Now the interior door handle was still functioning on the truck but look the chrome is pitted the stop is bent and the rubber stop is gone. And it takes this tiny little E-clip that if you ever lose your messed up and it's difficult to install so we're going to use a new one from LMC Truck that has a nice zinc coating. The stop is in place and it's got its own clip that you're not going to have to reuse that E-clip and it makes it much easier to install so we’re just going to use a new one. We're replacing the push pins in the Trim panel with new ones from LMC Truck. Since ours were dry rotted and one actually broke while removing the panel.
Reconnecting the window and lock switch is simple. We recommend installing the keepers just like the factory did so these are new as well. Here's a new clip for the bezel. So the last step is to just replace the panel but since we're in here and our clips are dry rotted and old anyways, I'm just going to replace them with new units that we got from LMC Truck. The fit of these panels is excellent and reinstalling the screws was easy since the holes lined up perfectly with the ones in the door shell. The armrest gets anchored to the support from the outside once the panel is on.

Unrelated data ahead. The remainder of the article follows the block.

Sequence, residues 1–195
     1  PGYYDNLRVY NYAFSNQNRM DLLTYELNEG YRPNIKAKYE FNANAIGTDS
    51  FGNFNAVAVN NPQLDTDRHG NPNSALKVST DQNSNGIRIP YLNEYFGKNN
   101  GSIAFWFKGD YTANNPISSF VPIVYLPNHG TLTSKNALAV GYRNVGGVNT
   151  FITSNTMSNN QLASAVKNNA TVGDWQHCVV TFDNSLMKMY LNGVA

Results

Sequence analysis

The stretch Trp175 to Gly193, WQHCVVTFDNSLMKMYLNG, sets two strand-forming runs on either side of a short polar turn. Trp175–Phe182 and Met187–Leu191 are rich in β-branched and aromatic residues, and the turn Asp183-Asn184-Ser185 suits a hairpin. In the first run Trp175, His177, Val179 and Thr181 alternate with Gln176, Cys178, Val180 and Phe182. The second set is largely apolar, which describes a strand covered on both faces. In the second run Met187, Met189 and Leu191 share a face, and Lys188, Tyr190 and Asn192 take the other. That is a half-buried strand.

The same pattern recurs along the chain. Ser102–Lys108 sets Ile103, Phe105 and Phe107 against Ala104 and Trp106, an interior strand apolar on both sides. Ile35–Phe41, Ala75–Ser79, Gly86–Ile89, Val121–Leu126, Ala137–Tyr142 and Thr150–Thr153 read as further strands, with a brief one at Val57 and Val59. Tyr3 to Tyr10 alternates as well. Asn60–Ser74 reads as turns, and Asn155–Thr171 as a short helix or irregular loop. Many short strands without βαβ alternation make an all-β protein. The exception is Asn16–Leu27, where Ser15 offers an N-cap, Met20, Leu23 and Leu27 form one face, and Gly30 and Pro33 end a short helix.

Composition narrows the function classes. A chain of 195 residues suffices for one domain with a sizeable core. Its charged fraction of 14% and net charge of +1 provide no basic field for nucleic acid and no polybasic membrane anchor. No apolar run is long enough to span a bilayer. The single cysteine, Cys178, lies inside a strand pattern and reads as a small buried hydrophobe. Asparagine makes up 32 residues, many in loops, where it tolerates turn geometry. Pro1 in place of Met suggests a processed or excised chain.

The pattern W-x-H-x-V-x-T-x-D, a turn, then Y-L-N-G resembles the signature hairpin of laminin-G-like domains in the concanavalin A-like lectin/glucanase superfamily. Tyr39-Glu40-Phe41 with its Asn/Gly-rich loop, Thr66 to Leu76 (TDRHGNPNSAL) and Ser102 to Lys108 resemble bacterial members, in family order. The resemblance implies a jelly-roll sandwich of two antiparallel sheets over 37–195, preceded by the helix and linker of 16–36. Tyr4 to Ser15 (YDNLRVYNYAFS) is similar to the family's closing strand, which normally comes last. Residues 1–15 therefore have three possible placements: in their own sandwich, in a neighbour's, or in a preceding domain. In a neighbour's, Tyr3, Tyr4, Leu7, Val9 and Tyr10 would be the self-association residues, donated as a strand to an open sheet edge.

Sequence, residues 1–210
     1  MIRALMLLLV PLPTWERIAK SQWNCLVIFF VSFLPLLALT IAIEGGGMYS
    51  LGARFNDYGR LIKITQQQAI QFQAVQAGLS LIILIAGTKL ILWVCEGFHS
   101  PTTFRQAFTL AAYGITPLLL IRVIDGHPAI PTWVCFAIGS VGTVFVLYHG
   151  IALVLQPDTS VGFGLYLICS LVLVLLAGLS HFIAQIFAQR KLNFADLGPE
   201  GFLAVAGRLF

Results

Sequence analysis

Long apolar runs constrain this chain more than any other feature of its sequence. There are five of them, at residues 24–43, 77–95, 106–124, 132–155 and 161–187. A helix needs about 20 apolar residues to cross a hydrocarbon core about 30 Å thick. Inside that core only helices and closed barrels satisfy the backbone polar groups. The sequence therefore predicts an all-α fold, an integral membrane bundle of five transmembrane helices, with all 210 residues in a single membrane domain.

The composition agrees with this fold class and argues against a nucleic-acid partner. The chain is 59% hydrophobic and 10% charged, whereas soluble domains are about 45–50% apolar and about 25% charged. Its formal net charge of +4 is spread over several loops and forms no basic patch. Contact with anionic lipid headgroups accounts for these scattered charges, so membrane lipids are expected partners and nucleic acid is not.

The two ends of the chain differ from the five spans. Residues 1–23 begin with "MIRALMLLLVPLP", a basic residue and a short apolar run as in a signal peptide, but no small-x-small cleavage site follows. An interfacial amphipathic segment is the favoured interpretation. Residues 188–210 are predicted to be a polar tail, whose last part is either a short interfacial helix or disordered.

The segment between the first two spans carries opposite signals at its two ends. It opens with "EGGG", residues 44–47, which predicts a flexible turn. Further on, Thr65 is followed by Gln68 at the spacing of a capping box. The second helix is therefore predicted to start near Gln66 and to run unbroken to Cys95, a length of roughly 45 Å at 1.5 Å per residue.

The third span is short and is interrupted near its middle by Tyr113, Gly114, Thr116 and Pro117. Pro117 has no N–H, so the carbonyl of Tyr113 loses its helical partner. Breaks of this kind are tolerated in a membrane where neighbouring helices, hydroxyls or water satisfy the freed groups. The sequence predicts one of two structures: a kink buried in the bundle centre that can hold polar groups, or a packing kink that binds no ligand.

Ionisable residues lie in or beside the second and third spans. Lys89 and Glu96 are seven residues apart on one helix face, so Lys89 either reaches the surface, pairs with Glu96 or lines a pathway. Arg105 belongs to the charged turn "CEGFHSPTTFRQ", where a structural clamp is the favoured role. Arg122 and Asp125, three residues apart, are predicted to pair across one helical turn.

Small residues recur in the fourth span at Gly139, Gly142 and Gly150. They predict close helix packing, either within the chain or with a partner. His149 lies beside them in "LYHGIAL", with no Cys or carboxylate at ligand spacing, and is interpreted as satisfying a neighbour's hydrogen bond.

Alright, so the very last step is the door pull but, as you can see it's in a different color. Don't worry there's a very simple solution we can show you how to color match this in just a couple of minutes. Now to color change the door pulls were not painting them we're using ColorBond spray which actually provides a molecular bond between the spray coating itself and the part. And I'm a painter. I like to go one step further make sure my surface is perfectly clean so I'm going to give it a quick wipe down with acetone and make sure that I'm absolutely sure that there’s no contaminants on the door pull. As with any spray coating several medium to light coats are much better than a few heavy ones. Let that sit a couple minutes throw it on there.
There we go...And what an amazing transformation over what we started with a crusty worn out parts that were on this truck. We hope we passed on some great tips so that you have an easier time restoring or replacing your interior trim panels. And don’t forget you can always go through your LMC Truck catalog or go to LMCTruck.com for more ideas for products and accessories and upgrades to make your truck project he even better. For now I'm Kevin Tetz. Thanks for watching.